Still cold at 7am. Too cold for swimming at this stage. Beautiful, long expanse of white sand. Lots of pretty shells. Plenty of people out walking/exercising. The water must come straight from Antarctica - icy cold.

2. Albany Farmer's market
Collie St. Every saturday from 8-12. Lots of the good things sell out early. I bought a punnet of fresh raspberries for $7 and ate them all on the spot. Delicious. Fresh, seasonal fruit and vegies. Cherries, raspberries, strawberries, avocados, asparagus. Local meat and poultry. Goats cheese. Milk products. Very exciting after a year in Kalgoorlie with nowhere to shop except woolies!

Slight intermission to wait for my housemate's boxes to arrive. Due in ?1.5 hours from 8am. At 10am they haven't arrived. "They always lie" I said. Somewhat naive she was convinced they were being honest and truthful. "Winny they are on their way". I insisted she call them and ask... Surprise surprise after waiting another hour at home she managed to get hold of them "they have just left esperance now". Ok, let's leave the boxes to be dropped off in the driveway and head to the markets!

3. Denmark xmas markets
Nestled in under the trees by the river in Denmark. Cute markets. Lots of home-made gifts etc. The usual market-wares plus a few interesting finds. Beautiful pottery by one lady. Very lovely woolen beanies and scarves by another man. Various shades of browns and beiges - no dyes. He has spent 10 years breeding the different colours into the sheep. Food stalls - highlight - fresh slices of cold watermelon for $1 - perfect in the hot weather.

4. Green's Pool
Highly recommended by all we ask. About 20 mins ?west of Denmark. Shaded from the wind. Unfortunately not shaded from the sun. Gorgeous to bring small children. A natural 'pool' created from the rocks. It must be 150 meters in diameter. Similarly to Middleton Beach I'm sure the water comes straight off the icebergs in Antarctica.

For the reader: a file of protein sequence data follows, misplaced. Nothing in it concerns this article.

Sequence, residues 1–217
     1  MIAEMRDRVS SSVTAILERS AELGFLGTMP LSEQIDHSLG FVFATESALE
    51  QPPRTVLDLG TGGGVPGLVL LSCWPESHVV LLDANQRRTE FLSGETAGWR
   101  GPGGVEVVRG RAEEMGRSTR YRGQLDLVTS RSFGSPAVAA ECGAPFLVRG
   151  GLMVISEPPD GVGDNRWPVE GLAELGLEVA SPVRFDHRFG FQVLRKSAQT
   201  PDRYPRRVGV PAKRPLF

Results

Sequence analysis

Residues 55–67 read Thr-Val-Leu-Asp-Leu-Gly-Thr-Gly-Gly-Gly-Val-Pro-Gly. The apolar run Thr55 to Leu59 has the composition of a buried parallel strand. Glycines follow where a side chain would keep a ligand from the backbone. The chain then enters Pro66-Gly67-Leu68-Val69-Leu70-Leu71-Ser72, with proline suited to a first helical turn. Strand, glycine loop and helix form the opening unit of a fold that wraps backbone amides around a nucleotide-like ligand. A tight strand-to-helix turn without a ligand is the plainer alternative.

We were finally driven away by the pesky little march flies who kept biting my exposed flesh.

a. Honey farm
One thing on my list was honey. Lots and lots of honey. I can hardly keep up my supply for the amount of honey I demand.
Cute little farm. Nice ice creams - the other two got some and I snuck a taste.
I do not like mead. (Honey ?wine)

b. Chocolate farm
Interesting. Expensive, a bit sterile. Will probably improve with age - it seems very new. Highlight - the snake in the garden. I was enthralled, watching it bask in the sun. Mary walked out and said it is a rubber snake. Very disappointing.

5. Dinner at Richard Turner's farm
5km up the road to Mt Barker from Denmark. Beautiful 'hobby' farm. Sheep, chooks, geese, cows etc. They are doing up the house themselves. Great hospitality.
I wish I took some photos!
Daughter - Mary Jane - very sweet, we worked out that we would have run against each other in the interschool cross country and 1500m races. We fought fiercely for the last place ribbon!

Home late. Fantastic day of holidays. Now Sunday must be a day of work...

Despite the gorgeous blue sky and 34C temperature. Perhaps the work can wait until monday

Friday, December 11, 2009